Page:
This brings me home to the Indigenous artists from Turtle Island, and in particular Manitowapow and Manito Api. In these experiences are the stories I know the most, which is also why poets like Katherena Vermette in her remarkable river woman and artists like Jaimie Black in Maawanji-idiwag (they come together) describe the Red River, the life found here and a motion so familiar in this place—a vision that both births and surrounds the exhibit. In a world where the motion of water is threatened, Christi Belcourt and Isaac Murdoch’s Onaman Collective creative works illustrate how, here, water is the singular path to the future. This is not to forget the remarkable Inuit pieces in the “Imaq” exhibit, all of which show how forms of ice and snow foster relations that feed, teach and warm us at the same time.

Foreground: Rebecca Belmore, Anishinaabe, Lac Seul First Nation, ON, Turtle Island (Canada), Body of Water, 2019, sculpture, cast aluminum. Commissioned by the 16th Istanbul Biennial. Produced with support from the Canada Council for the Arts. Collection of the artist. Photo: Serge Gumenyuk. Courtesy WAGQaumajuq.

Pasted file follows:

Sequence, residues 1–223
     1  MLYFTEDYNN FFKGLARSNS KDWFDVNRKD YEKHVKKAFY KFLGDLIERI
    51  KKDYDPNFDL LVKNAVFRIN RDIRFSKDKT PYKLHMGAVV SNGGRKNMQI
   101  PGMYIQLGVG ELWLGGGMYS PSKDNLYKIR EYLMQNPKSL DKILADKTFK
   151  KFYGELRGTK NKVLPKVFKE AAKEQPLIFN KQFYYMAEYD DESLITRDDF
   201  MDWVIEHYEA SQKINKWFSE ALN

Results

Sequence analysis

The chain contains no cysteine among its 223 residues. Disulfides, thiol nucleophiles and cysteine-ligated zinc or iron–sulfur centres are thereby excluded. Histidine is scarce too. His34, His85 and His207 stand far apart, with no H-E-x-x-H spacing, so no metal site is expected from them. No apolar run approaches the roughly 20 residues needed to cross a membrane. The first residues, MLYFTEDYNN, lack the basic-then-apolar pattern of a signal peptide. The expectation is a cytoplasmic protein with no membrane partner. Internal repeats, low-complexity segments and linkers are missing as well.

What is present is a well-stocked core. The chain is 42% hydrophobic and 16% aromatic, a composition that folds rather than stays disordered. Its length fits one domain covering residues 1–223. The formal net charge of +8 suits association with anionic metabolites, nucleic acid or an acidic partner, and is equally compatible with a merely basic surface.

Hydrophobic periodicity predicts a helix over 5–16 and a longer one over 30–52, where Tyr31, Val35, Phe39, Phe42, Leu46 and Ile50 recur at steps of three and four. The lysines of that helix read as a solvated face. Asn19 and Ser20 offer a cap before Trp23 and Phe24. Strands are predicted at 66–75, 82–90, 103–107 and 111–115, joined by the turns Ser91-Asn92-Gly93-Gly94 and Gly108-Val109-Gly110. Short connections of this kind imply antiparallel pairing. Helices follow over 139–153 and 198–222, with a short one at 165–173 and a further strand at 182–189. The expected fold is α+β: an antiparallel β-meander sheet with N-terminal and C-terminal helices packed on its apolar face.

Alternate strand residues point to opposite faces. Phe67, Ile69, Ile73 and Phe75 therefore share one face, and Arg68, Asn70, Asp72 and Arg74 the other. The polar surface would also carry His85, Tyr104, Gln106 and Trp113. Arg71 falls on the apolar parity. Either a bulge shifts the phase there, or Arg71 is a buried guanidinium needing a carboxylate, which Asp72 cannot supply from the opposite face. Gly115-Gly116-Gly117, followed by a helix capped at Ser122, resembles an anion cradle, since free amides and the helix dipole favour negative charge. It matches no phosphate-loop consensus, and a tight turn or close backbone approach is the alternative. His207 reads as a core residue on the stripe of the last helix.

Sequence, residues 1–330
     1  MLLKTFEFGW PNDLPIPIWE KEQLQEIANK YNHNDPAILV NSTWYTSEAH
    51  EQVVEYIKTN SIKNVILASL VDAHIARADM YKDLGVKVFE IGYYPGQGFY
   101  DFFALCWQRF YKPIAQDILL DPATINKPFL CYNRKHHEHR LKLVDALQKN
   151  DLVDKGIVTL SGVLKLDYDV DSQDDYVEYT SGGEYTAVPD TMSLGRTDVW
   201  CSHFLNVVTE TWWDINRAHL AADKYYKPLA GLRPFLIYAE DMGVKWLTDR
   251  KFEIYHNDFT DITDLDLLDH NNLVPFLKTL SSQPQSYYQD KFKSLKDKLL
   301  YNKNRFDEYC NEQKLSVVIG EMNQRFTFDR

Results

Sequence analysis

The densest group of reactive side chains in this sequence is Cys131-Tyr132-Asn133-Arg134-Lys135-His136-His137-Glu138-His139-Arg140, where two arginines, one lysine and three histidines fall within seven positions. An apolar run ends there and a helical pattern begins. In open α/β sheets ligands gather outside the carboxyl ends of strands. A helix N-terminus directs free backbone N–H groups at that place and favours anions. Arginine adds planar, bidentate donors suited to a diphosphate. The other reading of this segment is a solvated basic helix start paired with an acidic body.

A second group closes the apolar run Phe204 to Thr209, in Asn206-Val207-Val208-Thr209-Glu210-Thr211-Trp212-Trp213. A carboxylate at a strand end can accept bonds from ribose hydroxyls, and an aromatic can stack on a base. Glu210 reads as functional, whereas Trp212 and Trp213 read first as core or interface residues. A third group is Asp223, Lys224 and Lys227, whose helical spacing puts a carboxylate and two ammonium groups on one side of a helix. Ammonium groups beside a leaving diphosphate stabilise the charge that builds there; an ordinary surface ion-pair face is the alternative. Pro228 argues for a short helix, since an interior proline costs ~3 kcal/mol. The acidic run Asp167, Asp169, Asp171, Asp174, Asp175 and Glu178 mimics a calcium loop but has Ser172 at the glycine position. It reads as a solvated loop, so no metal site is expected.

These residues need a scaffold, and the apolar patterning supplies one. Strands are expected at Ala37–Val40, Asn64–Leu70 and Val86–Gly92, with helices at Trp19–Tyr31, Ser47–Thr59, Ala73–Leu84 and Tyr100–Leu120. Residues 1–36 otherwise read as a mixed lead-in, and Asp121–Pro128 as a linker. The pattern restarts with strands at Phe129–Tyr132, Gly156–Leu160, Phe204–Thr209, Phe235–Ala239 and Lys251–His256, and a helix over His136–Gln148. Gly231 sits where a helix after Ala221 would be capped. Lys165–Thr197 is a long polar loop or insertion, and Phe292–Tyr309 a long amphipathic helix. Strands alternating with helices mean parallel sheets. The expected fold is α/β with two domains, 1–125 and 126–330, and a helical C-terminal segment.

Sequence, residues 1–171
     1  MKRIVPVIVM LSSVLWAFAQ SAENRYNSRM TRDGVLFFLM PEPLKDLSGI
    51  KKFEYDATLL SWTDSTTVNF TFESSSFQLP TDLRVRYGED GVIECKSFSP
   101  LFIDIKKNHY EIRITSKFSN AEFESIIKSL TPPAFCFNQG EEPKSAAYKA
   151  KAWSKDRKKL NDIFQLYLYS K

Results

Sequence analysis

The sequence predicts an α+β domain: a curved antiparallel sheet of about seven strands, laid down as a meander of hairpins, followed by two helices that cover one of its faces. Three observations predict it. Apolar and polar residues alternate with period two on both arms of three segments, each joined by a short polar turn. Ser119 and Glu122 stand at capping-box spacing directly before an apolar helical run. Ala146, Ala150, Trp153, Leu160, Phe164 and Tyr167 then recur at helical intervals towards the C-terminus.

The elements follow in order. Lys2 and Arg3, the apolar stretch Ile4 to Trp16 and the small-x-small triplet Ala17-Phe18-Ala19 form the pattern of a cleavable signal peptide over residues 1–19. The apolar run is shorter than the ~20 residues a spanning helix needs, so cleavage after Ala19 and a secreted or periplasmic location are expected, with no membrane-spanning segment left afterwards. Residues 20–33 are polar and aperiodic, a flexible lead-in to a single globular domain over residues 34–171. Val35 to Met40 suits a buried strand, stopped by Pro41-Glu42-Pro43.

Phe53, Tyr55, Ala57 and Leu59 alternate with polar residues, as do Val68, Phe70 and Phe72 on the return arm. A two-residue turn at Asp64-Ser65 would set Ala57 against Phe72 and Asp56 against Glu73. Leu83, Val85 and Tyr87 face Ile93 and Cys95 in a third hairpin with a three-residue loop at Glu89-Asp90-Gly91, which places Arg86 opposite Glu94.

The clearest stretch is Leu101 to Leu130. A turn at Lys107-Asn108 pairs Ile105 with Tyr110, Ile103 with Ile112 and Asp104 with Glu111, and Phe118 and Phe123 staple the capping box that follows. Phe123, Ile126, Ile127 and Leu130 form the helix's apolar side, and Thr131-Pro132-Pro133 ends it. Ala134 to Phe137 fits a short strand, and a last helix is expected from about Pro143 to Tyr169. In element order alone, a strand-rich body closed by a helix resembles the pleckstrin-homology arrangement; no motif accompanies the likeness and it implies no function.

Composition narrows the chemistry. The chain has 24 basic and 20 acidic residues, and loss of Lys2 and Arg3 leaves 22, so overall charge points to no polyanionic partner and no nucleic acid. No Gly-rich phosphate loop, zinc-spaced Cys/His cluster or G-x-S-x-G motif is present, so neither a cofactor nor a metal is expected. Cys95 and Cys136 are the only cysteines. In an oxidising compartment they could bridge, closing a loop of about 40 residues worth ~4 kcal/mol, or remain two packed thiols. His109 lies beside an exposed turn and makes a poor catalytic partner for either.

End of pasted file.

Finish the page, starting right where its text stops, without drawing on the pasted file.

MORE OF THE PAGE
Amongst my people, the Anishinaabe, we say “Nibi onje bimaadiziwin.” Water is life. This is the story of “Naadohbii: To Draw Water,” an exhibit that not only draws lines amongst the ripples but leaves songs of waves throughout the experience. Witnessing the teachings from all different directions, I was escorted through a millennia of intellectual knowledge and rich, vibrant Indigenous creativity through our interactions with our most sacred gift from the Creator. I thank all for coming to my home and adding this life to this place. ❚

“Naadohbii: To Draw Water” was exhibited at the Winnipeg Art Gallery, Winnipeg, from August 14, 2021, to February 6, 2022.

Niigaan Sinclair is Anishinaabe and professor and acting head of the Department of Indigenous Studies at the University of Manitoba, where he holds the professorship in Indigenous Knowledge and Aesthetics. He is also an award-winning writer and editor who was recently named to the Maclean’s “Power List” as one of the 50 most influential people in Canada.